Skip to main content
SearchLoginLogin or Signup

A survey of what legal populations believe and know about inattentional blindness and visual detection

Inattentional blindness refers to when people fail to notice obvious and unexpected events when their attention is elsewhere. Existing research suggests that inattentional blindness is a poorly understood concept that violates the beliefs that are commonly held by the public ...

Published onJan 09, 2024
A survey of what legal populations believe and know about inattentional blindness and visual detection
·

Abstract

Inattentional blindness refers to when people fail to notice obvious and unexpected events when their attention is elsewhere. Existing research suggests that inattentional blindness is a poorly understood concept that violates the beliefs that are commonly held by the public about vision and attention. Given that legal cases may involve individuals who may have experienced inattentional blindness, it is important to understand the beliefs legal populations and members of the community have about inattentional blindness, and their general familiarity and experience with the concept. Australian police officers (n = 94) and lawyers (n = 98), along with psychology students (n = 99) and community members (n = 100) completed a survey where they: a) stated whether an individual would have noticed an event in six legal vignettes, b) rated whether factors would make an individual more, less, or just as likely to notice an unexpected event, c) reported their familiarity with and personal experiences of inattentional blindness, and d) indicated whether they believed individuals could make themselves more likely to notice unexpected events. Respondents in all populations frequently responded “yes” to detecting the unexpected event in most legal vignettes. They also held misconceptions about some factors (expertise and threat) that would influence the noticing of unexpected events. Additionally, personal experiences with inattentional blindness were commonly reported. Finally, respondents provided strategies for what individuals can do to make themselves more likely to notice of unexpected events, despite a lack of evidence to support them. Overall, these findings provide direction for where education and training could be targeted to address misconceptions about inattentional blindness held by legal populations, which may lead to improved decision-making in legal settings.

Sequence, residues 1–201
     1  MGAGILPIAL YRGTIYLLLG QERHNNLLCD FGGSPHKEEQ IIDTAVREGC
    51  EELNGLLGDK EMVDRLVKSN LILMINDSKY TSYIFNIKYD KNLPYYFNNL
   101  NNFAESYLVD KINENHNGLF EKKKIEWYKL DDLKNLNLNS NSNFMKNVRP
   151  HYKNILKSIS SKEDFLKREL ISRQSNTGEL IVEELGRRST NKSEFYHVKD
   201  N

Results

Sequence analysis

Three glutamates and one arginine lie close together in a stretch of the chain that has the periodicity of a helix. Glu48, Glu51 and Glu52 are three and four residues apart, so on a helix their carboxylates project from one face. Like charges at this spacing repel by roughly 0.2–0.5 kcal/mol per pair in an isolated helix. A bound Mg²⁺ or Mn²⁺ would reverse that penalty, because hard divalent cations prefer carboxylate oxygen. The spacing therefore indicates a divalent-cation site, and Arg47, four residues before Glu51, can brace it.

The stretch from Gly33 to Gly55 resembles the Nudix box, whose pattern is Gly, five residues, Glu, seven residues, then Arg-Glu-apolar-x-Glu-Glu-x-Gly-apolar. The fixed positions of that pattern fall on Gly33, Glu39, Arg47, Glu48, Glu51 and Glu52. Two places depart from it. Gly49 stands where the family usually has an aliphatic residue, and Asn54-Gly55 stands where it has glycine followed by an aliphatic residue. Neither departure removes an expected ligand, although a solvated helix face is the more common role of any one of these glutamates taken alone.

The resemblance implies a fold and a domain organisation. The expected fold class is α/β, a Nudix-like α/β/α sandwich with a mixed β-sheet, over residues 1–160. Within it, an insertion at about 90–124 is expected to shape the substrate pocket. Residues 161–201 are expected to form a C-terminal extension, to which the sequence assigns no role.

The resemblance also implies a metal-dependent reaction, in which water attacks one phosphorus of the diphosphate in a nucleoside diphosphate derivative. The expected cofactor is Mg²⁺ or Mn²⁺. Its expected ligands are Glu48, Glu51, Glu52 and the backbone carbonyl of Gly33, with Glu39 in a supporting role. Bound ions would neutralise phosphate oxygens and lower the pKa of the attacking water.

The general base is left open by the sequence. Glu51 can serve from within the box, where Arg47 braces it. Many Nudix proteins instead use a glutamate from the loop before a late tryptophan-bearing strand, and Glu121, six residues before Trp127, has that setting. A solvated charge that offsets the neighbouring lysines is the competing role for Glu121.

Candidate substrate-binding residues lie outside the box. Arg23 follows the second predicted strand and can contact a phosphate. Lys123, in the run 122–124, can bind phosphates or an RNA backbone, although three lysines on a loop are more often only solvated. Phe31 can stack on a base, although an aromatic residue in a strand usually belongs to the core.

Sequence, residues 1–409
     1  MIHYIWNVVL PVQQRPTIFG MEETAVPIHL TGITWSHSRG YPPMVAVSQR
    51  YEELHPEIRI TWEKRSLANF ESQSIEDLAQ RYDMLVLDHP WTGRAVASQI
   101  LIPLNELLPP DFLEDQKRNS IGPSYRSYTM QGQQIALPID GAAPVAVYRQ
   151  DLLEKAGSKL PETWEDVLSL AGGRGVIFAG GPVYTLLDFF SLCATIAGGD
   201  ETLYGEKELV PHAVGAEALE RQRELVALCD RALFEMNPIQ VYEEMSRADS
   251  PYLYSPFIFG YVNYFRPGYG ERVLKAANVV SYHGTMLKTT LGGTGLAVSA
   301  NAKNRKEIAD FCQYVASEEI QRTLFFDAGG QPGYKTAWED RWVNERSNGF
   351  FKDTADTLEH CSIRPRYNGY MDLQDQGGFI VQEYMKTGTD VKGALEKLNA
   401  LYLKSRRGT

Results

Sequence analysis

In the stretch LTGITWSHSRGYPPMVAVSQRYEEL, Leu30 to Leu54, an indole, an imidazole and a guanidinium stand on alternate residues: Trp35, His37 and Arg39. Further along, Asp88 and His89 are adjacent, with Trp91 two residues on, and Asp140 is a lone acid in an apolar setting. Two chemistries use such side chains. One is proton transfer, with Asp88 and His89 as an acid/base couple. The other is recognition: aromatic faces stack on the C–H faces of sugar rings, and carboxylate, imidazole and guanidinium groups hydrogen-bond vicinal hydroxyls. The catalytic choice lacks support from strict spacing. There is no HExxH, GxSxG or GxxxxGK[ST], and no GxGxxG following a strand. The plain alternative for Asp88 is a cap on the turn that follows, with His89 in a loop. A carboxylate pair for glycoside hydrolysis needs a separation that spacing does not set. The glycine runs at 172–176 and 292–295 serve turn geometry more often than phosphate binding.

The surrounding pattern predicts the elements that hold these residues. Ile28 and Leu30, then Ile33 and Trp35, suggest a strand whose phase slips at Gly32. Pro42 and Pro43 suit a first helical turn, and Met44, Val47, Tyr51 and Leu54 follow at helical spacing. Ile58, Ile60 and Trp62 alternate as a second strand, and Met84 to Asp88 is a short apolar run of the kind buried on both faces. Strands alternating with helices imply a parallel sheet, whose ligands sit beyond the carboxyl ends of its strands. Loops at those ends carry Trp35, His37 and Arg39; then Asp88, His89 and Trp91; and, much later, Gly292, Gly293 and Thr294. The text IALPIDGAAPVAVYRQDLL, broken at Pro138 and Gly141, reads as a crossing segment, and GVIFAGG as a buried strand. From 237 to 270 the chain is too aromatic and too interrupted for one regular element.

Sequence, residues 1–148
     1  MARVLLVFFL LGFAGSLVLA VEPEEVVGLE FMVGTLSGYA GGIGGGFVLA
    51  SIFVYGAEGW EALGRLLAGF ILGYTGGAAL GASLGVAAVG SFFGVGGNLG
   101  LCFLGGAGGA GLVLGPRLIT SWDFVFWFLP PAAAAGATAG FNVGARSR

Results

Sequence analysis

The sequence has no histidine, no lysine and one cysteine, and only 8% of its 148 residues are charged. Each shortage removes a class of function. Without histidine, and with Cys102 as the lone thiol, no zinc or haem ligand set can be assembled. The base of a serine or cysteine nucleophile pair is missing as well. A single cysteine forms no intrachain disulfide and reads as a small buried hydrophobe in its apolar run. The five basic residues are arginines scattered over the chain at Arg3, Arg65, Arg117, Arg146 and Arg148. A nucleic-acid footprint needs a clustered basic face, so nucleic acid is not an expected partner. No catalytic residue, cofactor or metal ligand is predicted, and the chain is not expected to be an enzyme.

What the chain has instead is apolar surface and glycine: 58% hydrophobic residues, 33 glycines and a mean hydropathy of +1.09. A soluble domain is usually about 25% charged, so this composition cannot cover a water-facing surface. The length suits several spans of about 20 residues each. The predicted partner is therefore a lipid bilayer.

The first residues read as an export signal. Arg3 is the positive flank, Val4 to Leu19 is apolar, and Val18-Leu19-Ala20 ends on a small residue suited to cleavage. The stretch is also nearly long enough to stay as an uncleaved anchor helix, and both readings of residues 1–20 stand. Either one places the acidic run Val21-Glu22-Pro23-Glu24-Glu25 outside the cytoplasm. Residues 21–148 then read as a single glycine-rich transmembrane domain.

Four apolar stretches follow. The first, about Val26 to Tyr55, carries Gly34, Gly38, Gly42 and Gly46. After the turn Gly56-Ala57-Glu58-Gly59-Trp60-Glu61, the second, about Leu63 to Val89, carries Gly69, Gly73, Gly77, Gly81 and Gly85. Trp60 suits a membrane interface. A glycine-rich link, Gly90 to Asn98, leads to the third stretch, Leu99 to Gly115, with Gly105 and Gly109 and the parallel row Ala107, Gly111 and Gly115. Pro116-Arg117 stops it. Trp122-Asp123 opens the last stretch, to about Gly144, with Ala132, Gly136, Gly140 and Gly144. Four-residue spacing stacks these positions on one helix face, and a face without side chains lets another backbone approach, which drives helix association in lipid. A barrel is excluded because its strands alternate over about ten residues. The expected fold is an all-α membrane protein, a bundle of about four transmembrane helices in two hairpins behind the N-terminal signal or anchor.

Comments
0
comment
No comments here
Why not start the discussion?